Toronto, the fourth largest city in North America, is contemplating in building a digital 522,720 square foot sidewalk, to go along with its historically famous, three kilometer, Beaches boardwalk (1918(1)). The word, boardwalk conjures nostalgic times when The Drifters sang “Under the Boardwalk” (1964). Back then the pace was slower and not as connected. Unfortunately, the only place we can stop time is in our imagination.

One 100 years later, Toronto is in discussions to partner with Google, to share a vision and mission to build a 12 acre modern sidewalk (Gwalk). This is not the traditional concrete sidewalk but a digital smart one. We’ve heard a lot about the future of the Internet where all manufactured devices that are used in our households, cars, schools, businesses, hospitals and leisure will be connected to everything that helped to create these devices via the cloud (internet). It’s called the Internet of Things (IoT).

Is this a good thing or bad? That is the question swirling around Toronto’s ‘Gwalk’ as we anticipate the good and bad of IoT for our future.

In an interview with Mr. Steve Diamond, Waterfront Toronto, Chair who is in charge of working with Google Sidewalk, stated that he is, “Very sensitive to the needs of the community and is working hard with all the stakeholders to address their privacy issues as one of his top priorities.”

What has all of this data, information got to do with boardwalks and sidewalks? Everything! As much as we want to hang onto the slow pace of walking along a boardwalk, the stride has leaped frogged into 2030, where AI and robotics will displace about 800 Million workers(2). How do we prepare for this displacement? By understanding and learning about the global technology trends which will enable you to acquire the new knowledge to cope with this transference of current job skills.

Diamond feels that Toronto Waterfront with Google’s partnership can lead the way to help Torontonians to be better prepared for 2030. Gwalk development will be creating a model that will address the future jobs that people will need to learn so they can work in an AI and Robotic Gwalk environment. He also felt that, “Toronto is a vibrant city and with the Sidewalk project it will attract other technology companies which will create an amazing futuristic global Toronto technology centre to showcase these future jobs.”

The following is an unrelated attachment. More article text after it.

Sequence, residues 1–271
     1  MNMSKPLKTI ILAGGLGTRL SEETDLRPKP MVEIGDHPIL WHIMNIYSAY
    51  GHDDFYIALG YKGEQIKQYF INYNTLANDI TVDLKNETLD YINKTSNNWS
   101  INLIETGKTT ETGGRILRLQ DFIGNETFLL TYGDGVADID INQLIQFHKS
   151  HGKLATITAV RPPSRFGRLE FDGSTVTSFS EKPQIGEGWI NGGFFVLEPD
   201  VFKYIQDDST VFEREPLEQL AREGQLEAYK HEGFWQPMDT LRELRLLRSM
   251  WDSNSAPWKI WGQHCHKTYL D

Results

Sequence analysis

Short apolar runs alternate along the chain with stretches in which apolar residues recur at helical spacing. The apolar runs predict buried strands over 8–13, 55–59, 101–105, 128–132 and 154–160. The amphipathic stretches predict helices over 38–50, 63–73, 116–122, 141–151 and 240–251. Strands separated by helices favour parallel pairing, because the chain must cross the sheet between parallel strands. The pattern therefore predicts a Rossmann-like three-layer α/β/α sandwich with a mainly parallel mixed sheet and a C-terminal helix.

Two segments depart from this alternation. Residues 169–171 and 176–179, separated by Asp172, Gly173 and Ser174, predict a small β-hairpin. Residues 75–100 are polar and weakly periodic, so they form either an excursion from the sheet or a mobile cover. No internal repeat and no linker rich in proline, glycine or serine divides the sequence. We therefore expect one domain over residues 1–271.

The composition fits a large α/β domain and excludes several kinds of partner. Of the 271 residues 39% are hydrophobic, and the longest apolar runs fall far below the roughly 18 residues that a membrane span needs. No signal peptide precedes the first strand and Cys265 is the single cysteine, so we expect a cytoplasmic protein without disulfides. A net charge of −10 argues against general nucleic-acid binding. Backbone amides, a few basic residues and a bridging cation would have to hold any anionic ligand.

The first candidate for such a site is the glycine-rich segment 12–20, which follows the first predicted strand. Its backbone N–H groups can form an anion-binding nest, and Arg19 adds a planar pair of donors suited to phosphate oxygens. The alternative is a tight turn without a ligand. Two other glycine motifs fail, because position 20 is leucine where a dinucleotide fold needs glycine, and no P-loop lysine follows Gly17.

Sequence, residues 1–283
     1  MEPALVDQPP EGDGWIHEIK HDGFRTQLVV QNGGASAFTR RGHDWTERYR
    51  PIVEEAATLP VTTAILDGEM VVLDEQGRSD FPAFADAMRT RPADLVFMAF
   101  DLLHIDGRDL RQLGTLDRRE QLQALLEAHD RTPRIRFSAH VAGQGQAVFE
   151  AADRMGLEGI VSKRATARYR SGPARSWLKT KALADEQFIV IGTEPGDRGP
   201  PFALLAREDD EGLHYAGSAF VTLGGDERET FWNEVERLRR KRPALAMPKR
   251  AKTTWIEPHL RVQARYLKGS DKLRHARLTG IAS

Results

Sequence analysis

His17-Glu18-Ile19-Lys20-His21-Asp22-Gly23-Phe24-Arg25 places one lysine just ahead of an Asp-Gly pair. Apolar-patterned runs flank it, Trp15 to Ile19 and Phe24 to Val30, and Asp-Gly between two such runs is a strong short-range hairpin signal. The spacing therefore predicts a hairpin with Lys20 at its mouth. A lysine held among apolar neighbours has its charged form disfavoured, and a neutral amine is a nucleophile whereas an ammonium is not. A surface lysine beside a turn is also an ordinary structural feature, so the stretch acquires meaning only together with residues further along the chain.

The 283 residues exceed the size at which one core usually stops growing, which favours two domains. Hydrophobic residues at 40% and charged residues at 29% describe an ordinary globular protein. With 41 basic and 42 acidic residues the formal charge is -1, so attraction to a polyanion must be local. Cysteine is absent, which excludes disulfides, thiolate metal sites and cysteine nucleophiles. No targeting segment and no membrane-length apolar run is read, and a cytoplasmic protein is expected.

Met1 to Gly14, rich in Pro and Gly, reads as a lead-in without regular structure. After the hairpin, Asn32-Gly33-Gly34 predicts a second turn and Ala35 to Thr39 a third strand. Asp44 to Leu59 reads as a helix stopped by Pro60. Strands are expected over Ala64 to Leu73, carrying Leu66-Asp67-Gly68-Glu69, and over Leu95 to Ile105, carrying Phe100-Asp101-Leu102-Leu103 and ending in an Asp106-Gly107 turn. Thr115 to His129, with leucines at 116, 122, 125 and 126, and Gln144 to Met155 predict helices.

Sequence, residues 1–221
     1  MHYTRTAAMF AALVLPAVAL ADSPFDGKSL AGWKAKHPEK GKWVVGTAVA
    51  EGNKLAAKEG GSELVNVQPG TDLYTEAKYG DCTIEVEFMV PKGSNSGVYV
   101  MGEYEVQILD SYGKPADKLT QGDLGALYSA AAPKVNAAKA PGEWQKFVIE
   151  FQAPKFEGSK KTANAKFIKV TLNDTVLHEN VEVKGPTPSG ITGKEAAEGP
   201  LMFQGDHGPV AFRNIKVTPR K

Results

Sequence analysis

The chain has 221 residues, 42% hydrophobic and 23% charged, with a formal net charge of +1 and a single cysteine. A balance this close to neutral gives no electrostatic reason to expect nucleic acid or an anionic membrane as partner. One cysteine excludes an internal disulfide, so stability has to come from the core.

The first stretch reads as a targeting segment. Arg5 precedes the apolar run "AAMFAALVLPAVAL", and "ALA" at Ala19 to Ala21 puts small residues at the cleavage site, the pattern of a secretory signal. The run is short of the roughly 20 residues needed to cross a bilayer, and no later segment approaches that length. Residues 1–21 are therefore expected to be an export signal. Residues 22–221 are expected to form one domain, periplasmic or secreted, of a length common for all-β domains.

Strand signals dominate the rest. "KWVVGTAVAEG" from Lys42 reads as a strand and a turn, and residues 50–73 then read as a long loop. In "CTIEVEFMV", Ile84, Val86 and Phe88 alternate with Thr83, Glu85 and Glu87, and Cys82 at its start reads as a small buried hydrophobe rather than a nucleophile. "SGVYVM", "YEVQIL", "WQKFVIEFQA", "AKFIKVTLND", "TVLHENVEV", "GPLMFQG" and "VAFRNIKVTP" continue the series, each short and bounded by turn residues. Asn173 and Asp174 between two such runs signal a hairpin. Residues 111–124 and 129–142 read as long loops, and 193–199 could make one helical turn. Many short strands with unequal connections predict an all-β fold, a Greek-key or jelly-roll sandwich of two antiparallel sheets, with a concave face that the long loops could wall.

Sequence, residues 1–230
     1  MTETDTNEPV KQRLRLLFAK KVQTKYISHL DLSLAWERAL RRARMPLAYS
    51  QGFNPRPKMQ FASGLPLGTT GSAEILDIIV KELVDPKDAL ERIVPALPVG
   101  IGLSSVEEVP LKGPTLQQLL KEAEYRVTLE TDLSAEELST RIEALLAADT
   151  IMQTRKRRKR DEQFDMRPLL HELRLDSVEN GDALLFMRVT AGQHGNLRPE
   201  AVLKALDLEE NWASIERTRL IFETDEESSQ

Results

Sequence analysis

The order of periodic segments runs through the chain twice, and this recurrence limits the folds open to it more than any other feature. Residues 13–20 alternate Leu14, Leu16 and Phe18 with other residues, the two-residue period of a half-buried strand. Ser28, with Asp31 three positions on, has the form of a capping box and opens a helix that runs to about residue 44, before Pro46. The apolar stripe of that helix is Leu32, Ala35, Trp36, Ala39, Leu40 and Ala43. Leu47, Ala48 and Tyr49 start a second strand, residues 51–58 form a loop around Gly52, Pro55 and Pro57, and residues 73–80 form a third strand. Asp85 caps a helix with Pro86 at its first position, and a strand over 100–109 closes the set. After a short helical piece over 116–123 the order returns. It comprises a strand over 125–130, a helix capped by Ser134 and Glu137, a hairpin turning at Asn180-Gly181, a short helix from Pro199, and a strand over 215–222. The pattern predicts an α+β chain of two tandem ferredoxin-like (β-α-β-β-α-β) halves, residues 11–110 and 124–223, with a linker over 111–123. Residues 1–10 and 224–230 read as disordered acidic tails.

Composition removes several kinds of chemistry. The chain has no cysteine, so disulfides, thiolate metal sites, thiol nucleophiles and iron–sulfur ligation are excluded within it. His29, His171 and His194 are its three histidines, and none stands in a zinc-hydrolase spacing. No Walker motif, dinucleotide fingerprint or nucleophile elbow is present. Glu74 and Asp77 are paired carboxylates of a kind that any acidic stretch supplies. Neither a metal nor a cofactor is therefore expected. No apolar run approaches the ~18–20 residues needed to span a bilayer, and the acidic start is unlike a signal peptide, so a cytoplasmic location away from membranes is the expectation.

Toronto, is the 8th most innovative city in North America(3). Hence, Google is willing to invest over $63 million to partner with Toronto’s innovative mindset in building a 12 acre, smart 2030 digital Gwalk community, in the Port Lands. About 76% of Torontonians support this type of partnership. If successful, Toronto and Google would be showcasing the world’s first futuristic Gwalk city. This will require shared IoT research data and collaboration with people who would be moving to live in the Gwalk community.


To construct Toronto’s Gwalk community will require Exabytes(1018) – this is like two stacks of CDs that go to the Moon each day – of IoT data from: moving platforms, tunnels, driverless vehicles, using fuel cell garbage disposal to continuously create clean energy, pre-fabricated LEED homes using Light Gauge Steel, medications and autonomous food deliveries, Quantum Intelligence (QI), Knowledge Generator™, Avatar teachers, VR and AR classrooms, Educhain and blockchain processes, smart graphene textiles, to name a few. In this medley of future things is the question what will happen to my personal data? The short answer is we need to learn how best to combine all this Gwalk data for the benefit of the community and to improve their lives in the long term. The long answer – a world of personalized data with knowledge avatars (kAvatars™) to help filter your big data into your personalized knowledge.